There are some important basics to know about how to pour a concrete driveway. This task is more than just excavating the driveway and pouring concrete into the area. The following will explain what to do before, during, and after the concrete pour.
Insert steel pins to define the dimensions of the driveway.
Shoot elevations with a builders level or transit.
Mark the elevations on the steel pins.
Tie a string line to the elevation marks.
Using steel forms or forms made from lumber, set the forms to the height of the string lines.
Excavate the area with a backhoe or skid steer to achieve the proper thickness. Residential driveways are generally 4” thick.
Once the grading is completed, use a gasoline powered tamper to tamp or compact the area to be poured.
Fill the area with 2” of either #304 or #57 gravel. These are the most common aggregate used as a sub base for all driveways.
Cut enough ten gauge wire to cover the entire area to be poured. Make sure the wire overlaps by 6”.
The concrete for residential driveways is a six sack limestone blend with air at 4000 PSI. The concrete batch plant creates air in the concrete by adding a chemical to the concrete. This air allows the concrete to endure cold weather better. 4000 is the strength of the concrete, and PSI means pounds per square inch.
Concrete should be ordered from the batch plant the day before it is needed.
On the day of the pour, concrete rakes are first used to get the elevations close. Then a straight edge is used to reach the exact elevation.
After straight edging, a bull float is used to close up the top of the concrete. This brings the concrete to the surface and takes the gravel down.
The surface of the concrete should then be finished with a fresno or hand float and trowel while the person is on kneeboards.
An edging tool with a ½” radius is used along the sides of the driveway to eliminate any sharp edges.
The final, non-slip finish is achieved by making figure eights or swirling motions with a hand float. Uniform, straight passes are made with a finishing broom.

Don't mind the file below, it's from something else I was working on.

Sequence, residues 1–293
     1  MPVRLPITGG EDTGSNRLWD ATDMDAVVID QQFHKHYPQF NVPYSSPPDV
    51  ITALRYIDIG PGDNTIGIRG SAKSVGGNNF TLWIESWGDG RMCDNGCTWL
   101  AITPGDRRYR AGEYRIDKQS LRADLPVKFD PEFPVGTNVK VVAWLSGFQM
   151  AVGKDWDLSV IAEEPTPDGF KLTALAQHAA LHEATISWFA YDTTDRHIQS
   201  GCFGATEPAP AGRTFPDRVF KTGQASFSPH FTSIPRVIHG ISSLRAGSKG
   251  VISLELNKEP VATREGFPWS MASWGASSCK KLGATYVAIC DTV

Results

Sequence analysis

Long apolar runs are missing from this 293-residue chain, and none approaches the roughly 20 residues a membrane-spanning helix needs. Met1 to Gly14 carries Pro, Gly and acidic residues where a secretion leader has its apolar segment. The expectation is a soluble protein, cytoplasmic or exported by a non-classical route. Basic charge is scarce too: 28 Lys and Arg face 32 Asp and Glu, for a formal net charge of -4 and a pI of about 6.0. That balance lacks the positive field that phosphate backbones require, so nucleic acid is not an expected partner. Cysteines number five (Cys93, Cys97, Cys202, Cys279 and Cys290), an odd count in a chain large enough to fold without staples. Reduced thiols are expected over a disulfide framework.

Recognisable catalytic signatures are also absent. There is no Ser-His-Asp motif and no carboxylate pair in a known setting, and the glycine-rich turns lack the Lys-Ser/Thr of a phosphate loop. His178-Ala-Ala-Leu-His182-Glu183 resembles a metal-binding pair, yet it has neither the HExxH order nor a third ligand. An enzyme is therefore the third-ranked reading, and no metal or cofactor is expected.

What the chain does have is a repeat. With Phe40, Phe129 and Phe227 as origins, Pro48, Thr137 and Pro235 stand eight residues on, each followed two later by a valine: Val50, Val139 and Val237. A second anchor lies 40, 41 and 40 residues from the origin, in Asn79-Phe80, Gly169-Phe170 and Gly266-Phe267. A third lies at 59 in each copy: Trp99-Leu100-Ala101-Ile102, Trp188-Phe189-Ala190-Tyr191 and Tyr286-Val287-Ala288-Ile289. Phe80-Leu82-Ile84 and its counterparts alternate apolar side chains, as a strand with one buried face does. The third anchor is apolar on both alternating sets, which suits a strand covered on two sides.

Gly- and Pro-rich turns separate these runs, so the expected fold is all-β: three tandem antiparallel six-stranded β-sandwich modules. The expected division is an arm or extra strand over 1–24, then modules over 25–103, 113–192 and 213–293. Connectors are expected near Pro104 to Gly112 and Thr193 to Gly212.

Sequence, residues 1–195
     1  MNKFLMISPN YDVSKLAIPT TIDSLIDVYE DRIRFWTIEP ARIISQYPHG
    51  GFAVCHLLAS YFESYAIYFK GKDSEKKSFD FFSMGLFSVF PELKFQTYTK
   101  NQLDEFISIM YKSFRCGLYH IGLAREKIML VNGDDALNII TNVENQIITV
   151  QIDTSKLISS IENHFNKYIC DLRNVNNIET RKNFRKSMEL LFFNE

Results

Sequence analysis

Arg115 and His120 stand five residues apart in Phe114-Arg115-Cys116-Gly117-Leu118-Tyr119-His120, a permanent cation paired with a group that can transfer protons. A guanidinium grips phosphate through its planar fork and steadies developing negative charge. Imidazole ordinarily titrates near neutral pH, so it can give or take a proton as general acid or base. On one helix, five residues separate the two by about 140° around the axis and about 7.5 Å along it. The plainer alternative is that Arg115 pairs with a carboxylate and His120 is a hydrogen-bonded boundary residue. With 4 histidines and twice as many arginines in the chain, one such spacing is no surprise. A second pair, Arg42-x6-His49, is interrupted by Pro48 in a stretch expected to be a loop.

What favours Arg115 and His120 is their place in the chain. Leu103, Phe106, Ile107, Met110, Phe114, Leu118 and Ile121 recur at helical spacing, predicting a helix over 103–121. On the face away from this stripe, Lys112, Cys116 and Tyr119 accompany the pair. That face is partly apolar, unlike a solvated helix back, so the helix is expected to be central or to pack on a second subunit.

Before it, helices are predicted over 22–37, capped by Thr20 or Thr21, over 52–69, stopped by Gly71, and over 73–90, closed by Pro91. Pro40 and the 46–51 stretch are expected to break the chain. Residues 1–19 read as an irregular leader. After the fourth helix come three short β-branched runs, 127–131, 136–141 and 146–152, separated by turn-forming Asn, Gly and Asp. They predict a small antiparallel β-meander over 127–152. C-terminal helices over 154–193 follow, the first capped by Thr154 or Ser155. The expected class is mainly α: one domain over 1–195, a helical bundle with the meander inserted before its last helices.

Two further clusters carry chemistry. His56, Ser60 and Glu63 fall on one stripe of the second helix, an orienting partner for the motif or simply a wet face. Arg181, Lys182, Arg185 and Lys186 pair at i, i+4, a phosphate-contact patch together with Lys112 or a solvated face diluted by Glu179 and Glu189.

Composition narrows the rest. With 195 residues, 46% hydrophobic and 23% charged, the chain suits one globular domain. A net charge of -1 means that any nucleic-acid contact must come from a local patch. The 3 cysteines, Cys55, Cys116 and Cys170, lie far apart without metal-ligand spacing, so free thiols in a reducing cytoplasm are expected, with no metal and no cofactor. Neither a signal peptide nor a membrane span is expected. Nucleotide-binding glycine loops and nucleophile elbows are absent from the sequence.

A curing and sealing compound should then be sprayed on the new concrete.
The Day After the Pour
Stress cuts should be made with a concrete saw. 4” slabs should be cut at least 1½” deep. Blocks should not be any larger than 8 ft. squares.
In the spring and fall, vehicles should not be driven on the new concrete for ten days. Waiting seven days in the summer months is acceptable since concrete cures faster.
The new driveway can be walked on the next day at any time of the year.
Concrete sets faster in hot weather so it is important to keep on top of it before it gets
too hard. Dampening the base with water from an outside hose slows down the setting time.
Concrete takes longer to set in cold weather. Calcium chloride can be added to the concrete to speed up the setting time.
Concrete should not be poured if the temperature is below 32 degrees or if the ground is frozen. The reason is that the elevation drops during thawing and may cause the new concrete to break.
Using salt on a concrete driveway in the winter to melt ice will pit the concrete. It is recommended to use clean sand for traction instead.
Knowing all the aspects of how to pour a concrete driveway are important. This task requires a team effort of rakers, straight edgers, and finishers. Enough people are needed on site to properly perform all the steps in a timely manner to achieve a beautiful driveway.
This article is a guest post from a cement finisher with 30 years of experience and owns his own concrete company.